Interview with Mian Nasser Hyatt Maggo, President Federation of Pakistan Chambers of Commerce & Industry (FPCCI)
[box type=”shadow” align=”” class=”” width=””]Profile:
Hailing from a Chinoti business family, Mian Nasser Hyatt Maggo was raised in Karachi. After completing his formal education, he ventured into the intricate world of business and established Al Riaz Group, an indenting company in Pakistan. The company’s phenomenal success can be attributed to Maggo’s sheer hard work, passion and commitment. Today, Al Riaz Group is recognized as one of the most reliable company in Pakistan dealing in Petrochemicals, Textiles and Steel sectors. Mian Nasser Hyatt Maggo Possesses excellent management and leadership skills and is actively involved in business and community affairs, regularly contributing his time and effort for the benefit of business community of Pakistan. He served as President Karachi Chamber of Commerce and Industry KCCI (2002-03). He also served as an Acting Chairman of Pakistan-China Business Council and Senior Vice Chairman of Pakistan-Turkish Business Council of FPCCI. He is a life Member of SAARC Chamber of Commerce and Industry and has also served as Executive Committee member of FPCCI for several years. His commitment to national interests, economic and trade development, profession, and humanitarian pursuits, combined with impeccable knowledge of international trade, Industry, finance and economy has resulted in numerous accolades and achievements. Mian Nasser Hyatt Maggo’s professional acumen and remarkable understanding of complex trade, finance, economic, social investment and industrial issues are his forte, which not only earned him wide acknowledgment, but also helped him earn his spurs as a thorough professional.[/box]
PAGE: What is your perspective about the home remittances during the current fiscal year?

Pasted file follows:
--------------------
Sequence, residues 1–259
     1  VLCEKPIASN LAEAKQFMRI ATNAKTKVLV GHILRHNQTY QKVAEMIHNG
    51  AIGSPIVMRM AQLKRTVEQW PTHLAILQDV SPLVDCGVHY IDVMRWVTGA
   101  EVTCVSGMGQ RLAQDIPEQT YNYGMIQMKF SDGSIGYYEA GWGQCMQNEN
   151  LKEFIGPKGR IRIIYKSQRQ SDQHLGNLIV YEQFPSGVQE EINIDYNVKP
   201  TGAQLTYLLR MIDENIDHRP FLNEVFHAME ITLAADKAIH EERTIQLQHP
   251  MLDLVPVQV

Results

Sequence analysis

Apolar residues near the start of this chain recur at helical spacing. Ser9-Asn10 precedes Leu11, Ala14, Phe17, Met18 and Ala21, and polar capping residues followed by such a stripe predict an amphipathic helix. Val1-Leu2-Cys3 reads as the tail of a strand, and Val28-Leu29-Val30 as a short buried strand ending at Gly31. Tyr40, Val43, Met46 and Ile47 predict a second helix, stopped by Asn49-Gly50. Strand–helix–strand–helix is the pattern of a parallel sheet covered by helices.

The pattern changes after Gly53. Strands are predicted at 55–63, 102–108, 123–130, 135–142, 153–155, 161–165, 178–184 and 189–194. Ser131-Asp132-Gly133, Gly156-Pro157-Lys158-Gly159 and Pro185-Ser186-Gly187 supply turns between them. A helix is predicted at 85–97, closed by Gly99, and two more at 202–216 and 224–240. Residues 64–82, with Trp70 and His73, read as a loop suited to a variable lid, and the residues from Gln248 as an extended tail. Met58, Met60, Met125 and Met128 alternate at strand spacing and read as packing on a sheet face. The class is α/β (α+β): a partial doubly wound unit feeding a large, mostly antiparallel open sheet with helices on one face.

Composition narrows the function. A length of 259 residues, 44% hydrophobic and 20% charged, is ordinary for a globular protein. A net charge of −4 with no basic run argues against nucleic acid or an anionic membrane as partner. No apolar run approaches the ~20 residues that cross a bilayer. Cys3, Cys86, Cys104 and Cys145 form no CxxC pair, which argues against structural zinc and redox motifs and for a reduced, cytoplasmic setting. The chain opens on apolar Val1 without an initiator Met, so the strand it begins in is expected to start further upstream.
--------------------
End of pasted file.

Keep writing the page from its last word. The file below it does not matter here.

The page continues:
Mian Nasser Hyatt Maggo: Indeed it is very encouraging that overseas Pakistanis are continuously supporting the country during this hard time when dollar is flying high. This is historic that during July-September Pakistani received home remittances of US $ 8.03 billion. On an average overseas Pakistanis are remitting over US $ 2 billion. Pakistan received US $ 2.025 billion from the Kingdom of Saudi Arabia. I am optimistic that the recent visit of Prime Minister Imran Khan to Saudi Arabia and meeting with high officials will definitely open new opportunities and it is expected that there would be more financing and other source of inflow from Saudi Arabia. Similarly, overseas Pakistanis in United Arab Emirates remitted US $ 1.5449 billion, inflow of remittances from United Kingdom was recorded US $ 1.115 billion during the same period and US $836 million from USA. Remittances from combined EU nations are US $ 889 million (US $ 0.889 billion) and from other GCC Countries (Bahrain, Kuwait, Qatar, Oman) US $ 880.7 million. As far as the growth in remittances is concerned, this year home remittances grew by 12.5 percent as compared to the same period last fiscal. During the fiscal year 2020-21 remittances surpassed volume of Pakistan’s total exports. Remittances were US $ 29.4 billion while foreign exchange earning from exports of Pakistan was US $ 25.29 billion. While inflow of foreign direct investment FDI was just US $ 1.8 billion. I am hopeful, as the world is opening for economic activities after control over COVID-19 impacts, more economic and trade activities will create employment opportunities and opportunities for Pakistani labour that will ultimately enhance current trend in remittances. Remittances serve as catalyst to macroeconomic stability and its inflow improves the socio-economic well-being of the people. Remittances to Pakistan also play an important role in the stability of the economy. The flows of remittances helped cushion the economy against a severe balance of payment and current account deficit.